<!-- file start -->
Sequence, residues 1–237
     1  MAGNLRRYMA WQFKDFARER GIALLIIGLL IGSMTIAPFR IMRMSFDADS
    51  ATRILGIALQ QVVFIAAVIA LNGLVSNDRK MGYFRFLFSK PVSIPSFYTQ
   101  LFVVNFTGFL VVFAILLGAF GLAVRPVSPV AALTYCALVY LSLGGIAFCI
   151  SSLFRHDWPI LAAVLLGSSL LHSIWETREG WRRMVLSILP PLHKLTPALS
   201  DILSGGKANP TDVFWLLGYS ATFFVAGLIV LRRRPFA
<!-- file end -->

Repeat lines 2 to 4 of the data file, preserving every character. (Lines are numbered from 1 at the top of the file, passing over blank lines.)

     1  MAGNLRRYMA WQFKDFARER GIALLIIGLL IGSMTIAPFR IMRMSFDADS
    51  ATRILGIALQ QVVFIAAVIA LNGLVSNDRK MGYFRFLFSK PVSIPSFYTQ
   101  LFVVNFTGFL VVFAILLGAF GLAVRPVSPV AALTYCALVY LSLGGIAFCI